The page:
What a refreshing and new look at business. Thank you Jeff Jarvis for writing this. You can find his blogging at Buzzmachine.com.
I want to say that I have my eyes opened, and an amazing opportunity has occured for me because I did what you are teaching. I got on the internet and looked up blogging conversations, narrowed my search, and kept going. I was looking and listening, as you suggest. What I found was a rare opportunity – to have the online ear of the American Veterinary Medical Association. Until Monday, Feb 14, 2011 they are accepting public comments on the current written law for Vets and Animal Professionals. That’s a three day window, and I found it while it was still open. I mean it, read this book by Jeff Jarvis, if you want a look at business in the online world of Google, Facebook, craigslist, et al.
Honey Superficial Muscles 1
I got to give my two cents worth to the AVMA (because they are asking!), and man, am I happy at this gift. An electronic line, open for three more days, straight to the Board that makes the decision that my work of Horse Massage is illegal.
Click here to go to the AVMA Policy site. This is very big deal.
The Vet Practice Act was written in the 1960s. Last updates in 2007
Here is what I wrote yesterday, in my public forum, that was so graciously given to me. I am so proud.
You are commenting on the AVMA Model Veterinary Practice Act: Section 2-19
“Thank you for the opportunity to comment during your process.
I would like to see an exception for certified or qualified Equine Body Workers or Canine and Equine Massage professionals. Please consider language that also protects the public from unqualified individuals, suggesting that only certified individuals of an approved training program (over 100 hours, for example) be exceptions to your rule.
I see that farriers are an exception further down in the language of the Practice Act.
I truly believe that the public wants to be able to hire a certified animal, not human, massage therapist for their animal athlete. Veterinarians are not in the business of doing this service, and we all know that.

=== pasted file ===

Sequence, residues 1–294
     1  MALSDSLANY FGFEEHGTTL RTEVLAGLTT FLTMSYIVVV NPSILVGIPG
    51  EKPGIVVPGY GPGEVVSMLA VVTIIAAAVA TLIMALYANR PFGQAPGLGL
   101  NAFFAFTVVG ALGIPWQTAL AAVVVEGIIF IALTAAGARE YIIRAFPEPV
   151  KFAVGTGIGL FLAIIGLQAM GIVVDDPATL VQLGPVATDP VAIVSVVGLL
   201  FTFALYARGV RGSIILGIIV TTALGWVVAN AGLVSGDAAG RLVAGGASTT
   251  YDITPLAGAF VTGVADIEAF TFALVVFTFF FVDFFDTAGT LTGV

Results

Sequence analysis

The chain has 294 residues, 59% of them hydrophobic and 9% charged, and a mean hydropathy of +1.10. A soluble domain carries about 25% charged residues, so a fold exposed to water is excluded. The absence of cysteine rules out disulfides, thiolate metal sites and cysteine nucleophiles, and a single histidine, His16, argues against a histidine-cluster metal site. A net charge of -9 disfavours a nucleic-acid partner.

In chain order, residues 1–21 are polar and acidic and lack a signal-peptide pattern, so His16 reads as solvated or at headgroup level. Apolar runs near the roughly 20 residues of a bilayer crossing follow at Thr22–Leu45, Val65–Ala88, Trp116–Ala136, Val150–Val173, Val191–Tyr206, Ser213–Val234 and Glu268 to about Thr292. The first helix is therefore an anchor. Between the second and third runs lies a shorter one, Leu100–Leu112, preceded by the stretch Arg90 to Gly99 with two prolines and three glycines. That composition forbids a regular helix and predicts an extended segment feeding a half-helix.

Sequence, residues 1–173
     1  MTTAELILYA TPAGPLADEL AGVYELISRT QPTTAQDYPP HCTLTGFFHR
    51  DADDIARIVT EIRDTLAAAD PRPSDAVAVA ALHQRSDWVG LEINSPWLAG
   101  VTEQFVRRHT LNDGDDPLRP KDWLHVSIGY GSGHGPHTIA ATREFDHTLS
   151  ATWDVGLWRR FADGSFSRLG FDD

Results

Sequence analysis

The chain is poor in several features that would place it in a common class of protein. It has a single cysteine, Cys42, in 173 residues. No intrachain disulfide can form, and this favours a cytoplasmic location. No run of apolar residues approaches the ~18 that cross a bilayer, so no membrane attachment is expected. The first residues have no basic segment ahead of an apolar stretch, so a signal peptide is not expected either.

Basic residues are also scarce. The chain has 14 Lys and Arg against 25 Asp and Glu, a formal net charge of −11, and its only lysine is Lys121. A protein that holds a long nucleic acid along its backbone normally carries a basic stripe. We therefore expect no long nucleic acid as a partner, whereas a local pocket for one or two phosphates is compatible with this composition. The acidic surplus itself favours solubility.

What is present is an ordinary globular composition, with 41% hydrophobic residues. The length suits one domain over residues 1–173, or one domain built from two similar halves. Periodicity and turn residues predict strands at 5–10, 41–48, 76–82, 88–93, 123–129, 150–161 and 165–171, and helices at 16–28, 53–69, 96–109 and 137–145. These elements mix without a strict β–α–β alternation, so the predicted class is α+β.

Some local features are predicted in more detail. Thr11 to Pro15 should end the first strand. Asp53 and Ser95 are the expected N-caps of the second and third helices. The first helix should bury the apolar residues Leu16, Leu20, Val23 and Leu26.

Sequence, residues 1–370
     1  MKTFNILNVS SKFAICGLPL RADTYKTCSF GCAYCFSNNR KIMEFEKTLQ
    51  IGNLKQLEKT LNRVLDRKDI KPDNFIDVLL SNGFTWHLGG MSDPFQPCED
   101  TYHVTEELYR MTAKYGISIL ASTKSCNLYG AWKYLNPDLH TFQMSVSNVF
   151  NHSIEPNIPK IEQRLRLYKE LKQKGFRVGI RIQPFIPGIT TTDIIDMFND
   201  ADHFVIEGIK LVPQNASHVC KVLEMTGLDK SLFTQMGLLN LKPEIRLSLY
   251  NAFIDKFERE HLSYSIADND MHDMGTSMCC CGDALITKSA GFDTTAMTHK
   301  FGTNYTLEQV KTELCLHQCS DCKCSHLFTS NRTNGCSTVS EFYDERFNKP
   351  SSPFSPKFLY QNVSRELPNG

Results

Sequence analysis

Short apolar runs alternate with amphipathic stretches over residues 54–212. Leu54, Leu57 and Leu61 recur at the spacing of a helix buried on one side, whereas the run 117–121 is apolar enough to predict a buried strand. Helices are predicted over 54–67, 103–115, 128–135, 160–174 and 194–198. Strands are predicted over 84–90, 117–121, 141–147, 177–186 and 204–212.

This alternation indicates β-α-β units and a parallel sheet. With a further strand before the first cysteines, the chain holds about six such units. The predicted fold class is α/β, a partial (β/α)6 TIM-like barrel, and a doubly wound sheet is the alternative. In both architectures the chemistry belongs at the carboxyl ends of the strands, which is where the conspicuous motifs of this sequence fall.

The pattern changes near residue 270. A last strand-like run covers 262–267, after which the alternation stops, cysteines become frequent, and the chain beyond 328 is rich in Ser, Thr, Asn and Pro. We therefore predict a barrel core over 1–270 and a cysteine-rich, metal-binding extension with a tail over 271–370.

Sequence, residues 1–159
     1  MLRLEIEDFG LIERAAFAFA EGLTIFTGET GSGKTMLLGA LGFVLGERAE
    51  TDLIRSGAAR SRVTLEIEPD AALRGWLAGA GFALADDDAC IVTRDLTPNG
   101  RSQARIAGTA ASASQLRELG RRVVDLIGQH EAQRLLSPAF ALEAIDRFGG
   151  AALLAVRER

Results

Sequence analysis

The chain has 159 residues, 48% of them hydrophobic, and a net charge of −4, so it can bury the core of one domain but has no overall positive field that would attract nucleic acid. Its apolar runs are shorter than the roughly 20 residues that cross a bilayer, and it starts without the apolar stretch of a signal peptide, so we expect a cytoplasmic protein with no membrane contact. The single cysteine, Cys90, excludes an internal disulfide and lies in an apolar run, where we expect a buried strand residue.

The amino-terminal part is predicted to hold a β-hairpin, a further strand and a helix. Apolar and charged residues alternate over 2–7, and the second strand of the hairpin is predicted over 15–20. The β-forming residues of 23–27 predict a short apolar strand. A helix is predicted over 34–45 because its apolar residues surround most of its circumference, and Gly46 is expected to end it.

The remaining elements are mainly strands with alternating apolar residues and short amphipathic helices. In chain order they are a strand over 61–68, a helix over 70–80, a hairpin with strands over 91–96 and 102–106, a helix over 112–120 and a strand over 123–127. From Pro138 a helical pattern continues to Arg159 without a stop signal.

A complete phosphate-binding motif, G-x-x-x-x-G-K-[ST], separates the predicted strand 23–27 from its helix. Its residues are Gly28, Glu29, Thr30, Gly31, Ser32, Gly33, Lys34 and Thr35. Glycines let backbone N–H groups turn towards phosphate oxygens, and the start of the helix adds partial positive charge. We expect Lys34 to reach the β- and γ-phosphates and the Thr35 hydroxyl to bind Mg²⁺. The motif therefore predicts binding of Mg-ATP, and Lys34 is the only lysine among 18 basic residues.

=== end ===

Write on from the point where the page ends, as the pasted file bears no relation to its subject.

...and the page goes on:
As an Equinology certified Equine Body Worker since 2002, I am trained in anatomy, massage techniques, function of muscle and tendon, exercise physiology, and much more – because of the requirements of continuing education for my membership in the International Equine Body Worker Association IEBWA.com. I have been to Veterinary colleges in California and Florida to continue my education, and have been taught by PhDs and DVMs. Many of us in this profession are well educated and passionate for our work.
We also don’t want to be in trouble with our local veterinarians.
I know completely and absolutely to never attempt a diagnosis. I would never try. When one is well trained, this is part of the training. I respect Vets, and the Veterinary Practice Act, but I know that owners want massage available for their pets, and vets cannot even recommend a talented and certified individual to the owner because of the current language of the law.
If this language were changed to exclude “qualified animal massage professionals, certified by qualified training sources”, then the local Vets could assist their clients in finding the help the clients are seeking.
Thank you, very respectfully for opening this forum as you have done.
Miriah Stuart, EBW
Certified Equine Body Worker
Member International Equine Body Workers Association